Our determination to tackle flexible plastics is totally inflexible
Roughly a 2 minute read
The scale of the problem
There are approximately – take a deep breath – 215,000,000,000 items of flexible plastic used for packaging every year in the UK. Only a minority of councils currently collect them. And only a small percentage of them are ever recycled.
“Flexible plastic” is the term used to describe the really bendy stuff. Things like sweet wrappers and crisp packets. And, closer to home, what we call coffee film, overwrap and envelopes. The material often plays an important role for the product that it contains and protects; and a viable alternative may not yet be available.
The Flexible Packaging Consortium
That’s why, 18 months ago, we became co-founders of The Flexible Packaging Consortium. Our partners in the venture are Ella’s Kitchen, Mars, Nestlé and SUEZ, the waste and recycling experts. We’re working together to increase flexible packaging recycling in the UK. The first year of the venture was all about gathering data. We looked at what materials are out there and how they could be collected and recycled.
Just out: our 2021 report
All this work is summarised in the report we’ve just published. This makes a number of conclusions, which include:
1. Technology is improving all the time. So if unrecyclable flexible plastics are collected now, in the near future they may – as has happened with other materials – become recyclable.
2. When the deposit return scheme (DRS) begins, plastic bottles will no longer be put in household recycling bins. This will free up space in recycling lorries; space that could accommodate flexible plastics.
In other words, collecting and recycling flexible plastics is both practicable and affordable. Our recommendation is that this could – and should – happen from 2023, coinciding with other changes affecting household recycling.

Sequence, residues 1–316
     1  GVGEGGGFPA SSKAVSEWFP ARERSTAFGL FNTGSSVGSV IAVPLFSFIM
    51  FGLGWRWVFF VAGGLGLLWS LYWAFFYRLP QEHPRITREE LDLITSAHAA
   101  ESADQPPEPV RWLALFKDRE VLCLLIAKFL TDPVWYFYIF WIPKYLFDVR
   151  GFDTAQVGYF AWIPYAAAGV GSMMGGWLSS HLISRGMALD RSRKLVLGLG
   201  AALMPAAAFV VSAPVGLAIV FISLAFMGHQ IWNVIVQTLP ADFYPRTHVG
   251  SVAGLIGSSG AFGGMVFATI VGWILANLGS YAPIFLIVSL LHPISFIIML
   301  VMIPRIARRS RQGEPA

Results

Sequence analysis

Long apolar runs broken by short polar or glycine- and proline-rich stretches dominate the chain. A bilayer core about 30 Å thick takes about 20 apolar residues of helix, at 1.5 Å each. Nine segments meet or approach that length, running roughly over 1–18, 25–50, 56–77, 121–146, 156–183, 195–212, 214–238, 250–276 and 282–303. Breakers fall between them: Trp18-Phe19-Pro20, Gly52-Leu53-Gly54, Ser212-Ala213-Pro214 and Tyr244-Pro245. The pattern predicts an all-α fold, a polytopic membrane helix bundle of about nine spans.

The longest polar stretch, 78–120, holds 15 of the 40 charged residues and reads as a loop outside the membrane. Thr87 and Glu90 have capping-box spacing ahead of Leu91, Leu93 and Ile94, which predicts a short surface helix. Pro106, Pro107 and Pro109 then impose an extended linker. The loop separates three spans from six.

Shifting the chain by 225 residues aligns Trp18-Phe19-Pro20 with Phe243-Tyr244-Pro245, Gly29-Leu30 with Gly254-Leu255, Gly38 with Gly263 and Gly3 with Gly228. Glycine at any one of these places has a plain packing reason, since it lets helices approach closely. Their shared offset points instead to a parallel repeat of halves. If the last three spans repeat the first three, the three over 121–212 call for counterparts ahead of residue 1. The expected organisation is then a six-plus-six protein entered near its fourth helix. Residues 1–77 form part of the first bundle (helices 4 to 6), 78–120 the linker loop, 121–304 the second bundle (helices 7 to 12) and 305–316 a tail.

““This report is a significant milestone in our shared aim to make it easier for households to recycle their flexible plastics. At Taylors, we’re working hard on the sustainability of every aspect of our products and packaging from the inside out. But it’s only by collaborating across the value chain that we can have a real impact on the potential to recycle these trickier materials.””
Time to collaborate
We’re currently working with the Department for Environment, Food & Rural Affairs (Defra) to see how flexible plastics can be included in household recycling collections from as early as 2023.
We hope that our report will act as a catalyst, prompting others to push for change. Businesses can look at the evidence of the Government consultation in the spring and add their voices to those asking for these materials to be collected from 2023.
For households, there’s lots of information on what your local council can collect at recylenow.com. If your local council doesn’t yet collect flexibles, then you could write to them to ask for collection. In the meantime, you can often take flexible plastics like plastic carrier bags, bread bags and frozen food bags to the local supermarket for recycling.
Read more about the collection and recycling of flexible plastics here.
Last updated 4th July 2022